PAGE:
Of course, this is not to say that Bush is a genocidal maniac, but rather that his policies pose an existential threat to American democracy.
Welcome to the new fascist era, kids.
Don’t say we never warned you.
[Update 7/29 10:15PM]

From: Daniel Sieradski
Subject: Question on Godwin’s Law
Date: July 29, 2007 3:59:52 PM EDT
To: Mike Godwin
Hi Mike,
My name is Dan Sieradski and I’m the editor-in-chief of […] I contacted you once before, I believe, with regards to a panel I had attempted to put together that explored the question “when is it okay to call someone a Nazi.”
Sadly, it never came together. Nonetheless, this issue is still pertinent, especially now with Bush’s passage of an executive order on May 9 that would make the legislative and judicial branches of government subservient to the executive in the event of another terror attack on U.S. soil. (Details here.) As you may be aware, following the Reichstag fire, this is precisely the procedure Hitler used to concretize his power.
I was just wondering if you could offer a perfunctory statement to my readers on this matter, seeing as how that, in response to making a comparison between these two policies, I have been accused of violating, well, your law.
The question is, essentially, why is it out of bounds to draw comparisons between specific policies of the Hitler and Bush regimes that achieve the exact same ends (in this case, eradicating constitutional checks and balances and enshrining the authority of the executive)?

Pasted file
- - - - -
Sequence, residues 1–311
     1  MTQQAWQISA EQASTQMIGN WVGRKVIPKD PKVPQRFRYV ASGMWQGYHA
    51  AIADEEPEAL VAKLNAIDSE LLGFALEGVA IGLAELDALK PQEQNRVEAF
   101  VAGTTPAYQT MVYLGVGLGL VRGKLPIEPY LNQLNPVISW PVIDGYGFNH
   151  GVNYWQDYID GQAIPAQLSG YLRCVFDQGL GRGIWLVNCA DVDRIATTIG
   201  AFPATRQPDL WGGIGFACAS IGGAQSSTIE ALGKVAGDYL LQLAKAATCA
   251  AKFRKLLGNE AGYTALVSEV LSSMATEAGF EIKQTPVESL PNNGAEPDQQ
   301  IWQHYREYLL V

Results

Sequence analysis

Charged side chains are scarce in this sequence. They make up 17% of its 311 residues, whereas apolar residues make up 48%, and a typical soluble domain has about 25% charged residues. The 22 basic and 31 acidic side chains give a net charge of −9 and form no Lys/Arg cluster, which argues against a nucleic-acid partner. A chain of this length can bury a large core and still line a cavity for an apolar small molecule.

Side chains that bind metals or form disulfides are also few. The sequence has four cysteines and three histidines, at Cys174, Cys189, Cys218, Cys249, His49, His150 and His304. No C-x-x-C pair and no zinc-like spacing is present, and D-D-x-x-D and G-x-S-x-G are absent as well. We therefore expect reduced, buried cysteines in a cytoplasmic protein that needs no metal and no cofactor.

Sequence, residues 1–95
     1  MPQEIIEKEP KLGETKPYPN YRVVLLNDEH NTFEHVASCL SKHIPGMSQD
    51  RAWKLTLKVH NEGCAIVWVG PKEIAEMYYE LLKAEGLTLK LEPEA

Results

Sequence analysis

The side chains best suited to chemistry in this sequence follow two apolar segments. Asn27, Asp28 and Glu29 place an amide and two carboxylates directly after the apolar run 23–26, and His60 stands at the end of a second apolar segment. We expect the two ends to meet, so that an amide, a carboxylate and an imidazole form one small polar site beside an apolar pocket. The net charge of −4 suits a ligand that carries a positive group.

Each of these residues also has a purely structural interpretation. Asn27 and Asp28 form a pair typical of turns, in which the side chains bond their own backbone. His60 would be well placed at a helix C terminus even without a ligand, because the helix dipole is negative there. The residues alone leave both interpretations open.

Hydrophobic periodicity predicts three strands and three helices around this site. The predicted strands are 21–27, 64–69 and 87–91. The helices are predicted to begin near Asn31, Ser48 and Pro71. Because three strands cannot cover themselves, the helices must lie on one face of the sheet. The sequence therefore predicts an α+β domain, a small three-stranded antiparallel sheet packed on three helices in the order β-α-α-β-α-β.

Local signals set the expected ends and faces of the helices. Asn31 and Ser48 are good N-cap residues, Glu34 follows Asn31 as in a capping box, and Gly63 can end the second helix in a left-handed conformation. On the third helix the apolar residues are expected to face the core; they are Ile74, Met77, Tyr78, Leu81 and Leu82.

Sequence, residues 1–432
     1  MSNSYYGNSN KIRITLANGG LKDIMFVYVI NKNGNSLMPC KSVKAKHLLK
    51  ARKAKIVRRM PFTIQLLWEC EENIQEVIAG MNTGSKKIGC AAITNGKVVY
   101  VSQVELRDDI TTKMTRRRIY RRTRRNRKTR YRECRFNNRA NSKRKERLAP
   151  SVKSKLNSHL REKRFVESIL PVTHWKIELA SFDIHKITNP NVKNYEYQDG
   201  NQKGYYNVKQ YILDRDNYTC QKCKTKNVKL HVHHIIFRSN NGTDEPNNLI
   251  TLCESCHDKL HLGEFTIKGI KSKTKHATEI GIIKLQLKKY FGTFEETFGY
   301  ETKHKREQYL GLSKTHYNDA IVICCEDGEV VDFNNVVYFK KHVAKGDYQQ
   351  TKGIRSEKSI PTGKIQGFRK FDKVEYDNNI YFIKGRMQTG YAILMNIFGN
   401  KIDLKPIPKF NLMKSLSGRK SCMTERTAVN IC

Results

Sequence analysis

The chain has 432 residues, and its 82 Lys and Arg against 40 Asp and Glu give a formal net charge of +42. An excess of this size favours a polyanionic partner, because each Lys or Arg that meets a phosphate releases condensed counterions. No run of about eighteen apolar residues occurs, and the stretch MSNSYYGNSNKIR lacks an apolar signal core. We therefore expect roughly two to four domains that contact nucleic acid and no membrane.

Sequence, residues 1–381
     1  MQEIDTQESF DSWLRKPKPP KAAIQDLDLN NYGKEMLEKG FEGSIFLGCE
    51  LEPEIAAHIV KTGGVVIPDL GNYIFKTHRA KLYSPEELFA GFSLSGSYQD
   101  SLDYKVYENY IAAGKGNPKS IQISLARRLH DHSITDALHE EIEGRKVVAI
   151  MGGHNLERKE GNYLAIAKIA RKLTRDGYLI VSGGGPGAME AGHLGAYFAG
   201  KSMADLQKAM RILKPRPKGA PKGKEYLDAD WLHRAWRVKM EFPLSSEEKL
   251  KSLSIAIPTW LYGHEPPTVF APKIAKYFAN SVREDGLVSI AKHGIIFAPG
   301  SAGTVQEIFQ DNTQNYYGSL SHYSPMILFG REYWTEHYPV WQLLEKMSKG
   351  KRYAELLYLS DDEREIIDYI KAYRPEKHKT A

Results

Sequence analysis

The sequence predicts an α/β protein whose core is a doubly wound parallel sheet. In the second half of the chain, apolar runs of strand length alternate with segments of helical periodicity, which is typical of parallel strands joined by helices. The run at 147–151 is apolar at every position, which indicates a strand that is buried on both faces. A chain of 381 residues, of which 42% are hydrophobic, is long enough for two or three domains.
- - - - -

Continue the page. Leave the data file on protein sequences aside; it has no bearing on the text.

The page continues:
I’ve CC’d Rabbi Dr. Michael Berenbaum, former director of the US Holocaust Memorial Museum, who has taken the position that it is never acceptable to draw comparisons to Hitler, and who on this subject, I also invite to offer his thoughts.
Daniel “Mobius” Sieradski


From: Mike Godwin
Subject: Re: Question on Godwin’s Law
Date: July 29, 2007 8:04:36 PM EDT
To: Daniel Sieradski
Hi, Daniel.
I get requests like yours from time to time, and my best answer has been to refrain from telling anyone whether it’s appropriate to cite or invoke Godwin’s Law (which, like any other 17-year-old, tends to operate independently from what its parent may dictate).
I will say that I crafted Godwin’s Law with an eye to keeping the memory of the Holocaust and other horrors of the Nazi era alive and in perspective — I was worried that the overuse of Nazi comparisons would trivialize a historical effort that we’d do better to remember in all its magnitude and detail.
That said, I have watched the progress of the Bush Administration with great fear and trembling, and of course I disapprove of many and perhaps most of its policies.